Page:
Signed by the Colt .45s in 1963, Sonny Jackson made his Major League debut September 27, 1963. That game would be the only time he would see action that year, going 0-3. The next year, 1964, he played in nine games and the year after that he played in 10. It wasn't until 1966 that Sonny Jackson played a full year at the big league level.
He would finish 1966 second in Rookie of the Year voting and lead the league in sacrifice hits. His .292/.341/.335 battling line wasn't terrible, but it wasn't great either, 95 OPS+.
By all accounts Jackson was a tremendous fielder (defensive WAR disagrees) and so close to average offensive production would allow him to be a productive member of a lineup. Unfortunately for Jackson 1966 was his peak year, in 1967 he hit .237/.285/.283 in 566 plate appearances. He was traded to the Atlanta Braves along with Chuck Harrison for Denny Lemaster and Denis Menke.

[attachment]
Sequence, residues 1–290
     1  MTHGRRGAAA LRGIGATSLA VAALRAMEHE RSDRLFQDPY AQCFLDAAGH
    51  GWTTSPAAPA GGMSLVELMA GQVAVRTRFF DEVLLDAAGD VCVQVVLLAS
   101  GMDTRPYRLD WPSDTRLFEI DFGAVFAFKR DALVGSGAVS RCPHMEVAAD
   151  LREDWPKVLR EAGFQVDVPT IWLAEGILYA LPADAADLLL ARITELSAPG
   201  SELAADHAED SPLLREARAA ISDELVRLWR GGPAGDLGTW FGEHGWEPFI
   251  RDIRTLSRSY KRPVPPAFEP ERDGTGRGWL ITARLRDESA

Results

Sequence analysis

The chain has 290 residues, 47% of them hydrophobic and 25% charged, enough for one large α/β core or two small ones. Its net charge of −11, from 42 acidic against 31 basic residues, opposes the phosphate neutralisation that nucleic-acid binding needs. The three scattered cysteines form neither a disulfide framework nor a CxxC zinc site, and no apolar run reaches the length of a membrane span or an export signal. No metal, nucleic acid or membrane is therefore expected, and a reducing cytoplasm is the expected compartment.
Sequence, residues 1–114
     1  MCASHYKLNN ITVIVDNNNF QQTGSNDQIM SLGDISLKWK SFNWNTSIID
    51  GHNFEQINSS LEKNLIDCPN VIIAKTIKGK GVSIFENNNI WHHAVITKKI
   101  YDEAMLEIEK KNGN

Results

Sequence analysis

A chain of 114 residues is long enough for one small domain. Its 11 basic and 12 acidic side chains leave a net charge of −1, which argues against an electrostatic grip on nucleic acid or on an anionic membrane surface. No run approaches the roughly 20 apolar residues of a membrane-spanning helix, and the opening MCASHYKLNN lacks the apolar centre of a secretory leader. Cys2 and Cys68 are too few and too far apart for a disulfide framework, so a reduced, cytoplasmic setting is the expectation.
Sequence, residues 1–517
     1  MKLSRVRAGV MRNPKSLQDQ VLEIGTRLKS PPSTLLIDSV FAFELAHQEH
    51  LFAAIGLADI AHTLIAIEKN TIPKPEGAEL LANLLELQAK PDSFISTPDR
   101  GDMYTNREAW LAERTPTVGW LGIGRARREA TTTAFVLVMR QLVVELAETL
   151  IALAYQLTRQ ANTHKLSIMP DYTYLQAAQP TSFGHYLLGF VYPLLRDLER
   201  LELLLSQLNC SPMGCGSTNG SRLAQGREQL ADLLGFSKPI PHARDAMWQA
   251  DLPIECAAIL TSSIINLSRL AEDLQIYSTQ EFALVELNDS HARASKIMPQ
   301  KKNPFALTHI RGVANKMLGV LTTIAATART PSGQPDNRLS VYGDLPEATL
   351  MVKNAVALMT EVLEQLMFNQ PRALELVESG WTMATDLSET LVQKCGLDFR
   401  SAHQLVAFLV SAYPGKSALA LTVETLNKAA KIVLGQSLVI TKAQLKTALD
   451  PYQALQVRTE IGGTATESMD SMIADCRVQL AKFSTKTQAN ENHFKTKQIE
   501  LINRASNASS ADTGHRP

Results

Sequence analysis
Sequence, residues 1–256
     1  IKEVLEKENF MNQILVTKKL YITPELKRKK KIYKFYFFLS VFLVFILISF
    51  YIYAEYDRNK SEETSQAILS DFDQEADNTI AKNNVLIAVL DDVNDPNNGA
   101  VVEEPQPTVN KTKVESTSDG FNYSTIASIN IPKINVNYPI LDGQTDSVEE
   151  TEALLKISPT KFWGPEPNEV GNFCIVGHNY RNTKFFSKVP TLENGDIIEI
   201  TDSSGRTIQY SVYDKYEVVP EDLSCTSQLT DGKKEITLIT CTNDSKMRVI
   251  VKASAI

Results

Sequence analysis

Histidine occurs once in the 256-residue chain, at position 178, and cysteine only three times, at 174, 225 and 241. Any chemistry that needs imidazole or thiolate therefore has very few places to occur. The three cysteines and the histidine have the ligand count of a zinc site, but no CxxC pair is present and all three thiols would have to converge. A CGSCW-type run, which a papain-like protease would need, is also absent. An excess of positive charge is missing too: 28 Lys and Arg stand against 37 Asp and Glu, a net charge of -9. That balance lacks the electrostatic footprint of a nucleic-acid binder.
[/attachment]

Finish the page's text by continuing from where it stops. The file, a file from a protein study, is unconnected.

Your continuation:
He would continue to struggle offensively with the Braves, although apparently they had a lot of patience with him and kept him in the organization at the Major League level for seven years. Sadly, after 12 years of baseball Jackson was out of Major League baseball. Why do I say sadly? Because he was 29 years old in his final season.
He signed with the Colt .45s and made his debut at the age of 18, his first full season was when he was 21. This is why the Astros don't call up a freshly drafted player to the big leagues, even Bryce Harper and Mike Trout spent time in the Minor Leagues despite their immense talent.
I'm not saying Jackson would have been a great player, but it's interesting to think about what he could have been if he had been given some time to develop in the Minor Leagues.
Oh, I forgot to mention he scored 151 runs in his five years with the Astros